Coders vs. Designer – the “Yin and Yang” of Digital Product Development

by Ciprian Paraschiv on 20th November, 2015

Web design

As things nowadays are getting more and more complex, great achievements can only be gained by placing at the same table minds that can build different perspectives of the big picture of the intended product. Innovation by serendipity is a matter of the past; instead, team synergies need to be unlocked in an iterative process.

One of the hardest complementarity that needs to be reconciled is the one between programmers and designers, the “yin and yang” of digital products. Both typologies grow strong characters, both develop elitist attitudes; both believe that one aspect is more important than the other. Designer doubt when coders come up with graphic solutions, experienced coders are skeptical when designers speak about architecture.

The truth is they both need each other for highest potential to be achieved.

It’s risky

Imagine you are one of the high-minded designers who believes he is by far the legitimate people to decide on how the product should look like. You spend some time of intense efforts and come up with the result that you are proud of. What you don’t realize is that your design may bring up technical challenges that can increase quite a lot the development time. You can even come up with solutions that simply can’t be built. The developer will start coding, but this can turn into a to-and-fro between the two, as the developer will need to bridge the gap between what should and what can be built.

The developer can bring up technical leverages a designer may not be aware of

Technology evolves fast. Designers may dismiss features that were difficult to build in past projects which are now forthcoming. Not engaging you developers in the design process can harm your capacity to innovate, and your business, regarding of its field, cannot afford it.

By continually working with developers, a designer will develop, little by little, some technical background that will become more and more helpful in the decisions they will have to make.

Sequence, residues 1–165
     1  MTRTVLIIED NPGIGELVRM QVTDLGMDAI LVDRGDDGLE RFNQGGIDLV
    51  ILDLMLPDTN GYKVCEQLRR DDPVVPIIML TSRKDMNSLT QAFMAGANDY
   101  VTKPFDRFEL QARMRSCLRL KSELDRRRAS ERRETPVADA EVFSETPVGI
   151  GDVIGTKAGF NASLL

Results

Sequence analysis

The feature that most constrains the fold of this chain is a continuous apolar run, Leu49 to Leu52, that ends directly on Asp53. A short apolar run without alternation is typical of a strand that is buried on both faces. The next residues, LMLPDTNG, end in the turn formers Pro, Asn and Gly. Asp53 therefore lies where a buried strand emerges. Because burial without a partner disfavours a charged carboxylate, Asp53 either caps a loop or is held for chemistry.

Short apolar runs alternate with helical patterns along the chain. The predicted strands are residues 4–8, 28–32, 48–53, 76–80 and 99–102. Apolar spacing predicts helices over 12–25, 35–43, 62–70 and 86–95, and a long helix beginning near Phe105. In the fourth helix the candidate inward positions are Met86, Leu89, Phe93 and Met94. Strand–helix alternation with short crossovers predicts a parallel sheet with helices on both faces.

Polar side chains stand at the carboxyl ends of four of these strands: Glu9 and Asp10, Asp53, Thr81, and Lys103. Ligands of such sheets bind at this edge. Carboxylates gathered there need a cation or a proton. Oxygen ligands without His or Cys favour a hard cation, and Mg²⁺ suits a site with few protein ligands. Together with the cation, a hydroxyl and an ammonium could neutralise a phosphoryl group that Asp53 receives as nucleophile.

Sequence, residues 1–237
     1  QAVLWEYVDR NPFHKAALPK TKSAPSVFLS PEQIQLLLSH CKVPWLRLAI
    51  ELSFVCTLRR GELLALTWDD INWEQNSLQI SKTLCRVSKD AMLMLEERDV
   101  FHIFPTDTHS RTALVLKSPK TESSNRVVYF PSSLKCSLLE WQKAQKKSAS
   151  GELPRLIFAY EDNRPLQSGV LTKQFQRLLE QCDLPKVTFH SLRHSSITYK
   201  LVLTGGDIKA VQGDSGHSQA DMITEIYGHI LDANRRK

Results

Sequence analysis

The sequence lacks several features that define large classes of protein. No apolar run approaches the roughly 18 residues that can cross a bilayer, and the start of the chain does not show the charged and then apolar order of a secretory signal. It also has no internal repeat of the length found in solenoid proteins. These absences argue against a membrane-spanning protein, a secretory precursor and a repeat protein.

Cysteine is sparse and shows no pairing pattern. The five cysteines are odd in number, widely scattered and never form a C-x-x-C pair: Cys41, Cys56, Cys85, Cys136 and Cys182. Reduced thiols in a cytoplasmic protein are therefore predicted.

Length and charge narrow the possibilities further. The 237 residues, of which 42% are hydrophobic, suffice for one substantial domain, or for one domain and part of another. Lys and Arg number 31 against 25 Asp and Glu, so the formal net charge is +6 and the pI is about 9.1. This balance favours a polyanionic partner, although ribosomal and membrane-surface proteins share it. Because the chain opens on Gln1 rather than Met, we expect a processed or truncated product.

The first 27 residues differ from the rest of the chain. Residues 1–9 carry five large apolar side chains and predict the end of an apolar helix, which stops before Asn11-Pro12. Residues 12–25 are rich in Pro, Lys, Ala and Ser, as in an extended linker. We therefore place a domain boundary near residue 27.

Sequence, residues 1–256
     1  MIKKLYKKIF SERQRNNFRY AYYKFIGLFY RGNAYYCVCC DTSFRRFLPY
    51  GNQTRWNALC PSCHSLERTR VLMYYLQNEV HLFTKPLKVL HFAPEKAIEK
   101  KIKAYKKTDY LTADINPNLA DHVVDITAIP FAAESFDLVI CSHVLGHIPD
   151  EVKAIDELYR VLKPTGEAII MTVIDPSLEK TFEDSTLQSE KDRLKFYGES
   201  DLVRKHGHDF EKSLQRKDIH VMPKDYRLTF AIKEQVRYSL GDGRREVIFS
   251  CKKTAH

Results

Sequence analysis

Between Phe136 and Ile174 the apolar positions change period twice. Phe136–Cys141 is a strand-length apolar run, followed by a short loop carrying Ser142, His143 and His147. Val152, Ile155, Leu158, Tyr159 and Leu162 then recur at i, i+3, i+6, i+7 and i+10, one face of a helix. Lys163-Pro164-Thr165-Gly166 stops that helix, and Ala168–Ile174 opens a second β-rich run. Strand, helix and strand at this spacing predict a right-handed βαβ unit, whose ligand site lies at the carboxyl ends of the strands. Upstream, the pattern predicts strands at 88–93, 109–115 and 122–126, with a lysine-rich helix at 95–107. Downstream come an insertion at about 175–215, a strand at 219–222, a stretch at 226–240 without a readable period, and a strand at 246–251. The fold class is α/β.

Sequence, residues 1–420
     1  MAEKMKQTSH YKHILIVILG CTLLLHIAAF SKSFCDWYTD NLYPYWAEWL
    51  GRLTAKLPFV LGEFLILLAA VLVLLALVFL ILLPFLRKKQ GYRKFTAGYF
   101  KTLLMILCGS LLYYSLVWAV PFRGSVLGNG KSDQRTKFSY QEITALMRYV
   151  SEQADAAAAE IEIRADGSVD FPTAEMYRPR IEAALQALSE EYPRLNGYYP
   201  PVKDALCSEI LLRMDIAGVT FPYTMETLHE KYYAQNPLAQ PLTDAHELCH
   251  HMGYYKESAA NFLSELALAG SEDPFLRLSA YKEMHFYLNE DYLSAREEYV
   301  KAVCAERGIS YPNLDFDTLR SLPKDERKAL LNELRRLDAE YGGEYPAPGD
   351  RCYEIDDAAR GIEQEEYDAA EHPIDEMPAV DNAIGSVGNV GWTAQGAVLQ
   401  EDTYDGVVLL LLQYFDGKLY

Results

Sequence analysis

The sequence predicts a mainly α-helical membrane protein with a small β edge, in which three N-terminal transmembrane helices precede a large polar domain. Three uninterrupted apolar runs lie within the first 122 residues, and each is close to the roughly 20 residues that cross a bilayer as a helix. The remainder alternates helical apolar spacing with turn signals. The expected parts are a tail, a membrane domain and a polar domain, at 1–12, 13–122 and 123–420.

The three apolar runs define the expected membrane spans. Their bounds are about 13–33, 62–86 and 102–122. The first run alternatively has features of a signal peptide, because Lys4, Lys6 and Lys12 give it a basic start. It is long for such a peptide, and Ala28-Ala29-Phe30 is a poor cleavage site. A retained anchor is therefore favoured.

Like it or not, we must admit developers always make decisions that impact design during a project. Include developers as early as possible in the design process and it will be much more easy to get to a consensus when mismatches occur.

Often, developers are strong analytical persons and their pragmatism can prove to be useful, especially when you have to cut from a long list of possible solutions.

On the other hand, there is also a risk if you give the developer too much credit, especially if they are disengaged. There will always be the risk that they will favor features that are easier to build to avoid future headaches. When it comes to simplifying things, this can prove to be quite a great challenge. You need to discern when a developer places on top his personal interest.

Developers will fell more engaged

It can be frustrating for a developer to build something that won’t be used, especially if they just coded what others said. Too often, they are the last ones in a long chain of decisions making. This can translate into a lack of ownership for the final product, a lack of engagement especially in phases of the project when the pressure is high when the team should function like a Swiss watch. And you can’t blame them. It’s not their fault.

What you can do instead is to lend an ear to their voice as early as possible in the project. Encourage them when they make a display of engagement, even though their solution may not be the best one. Use facts and clear rationality when arguing that their solution may not be the best one. Make them know that they are part of the product they build. This is one of the pillars of Lean manufacturing, the design process that proved to be so successful at Toyota.

Ciprian Paraschiv


I am a breed of SEO specialist and UX Design advocate. My strong engineering knowledge is key to reconcile the distinct goals of the two areas. I design with user’s delight in my mind, while not averting from optimizing conversion rates.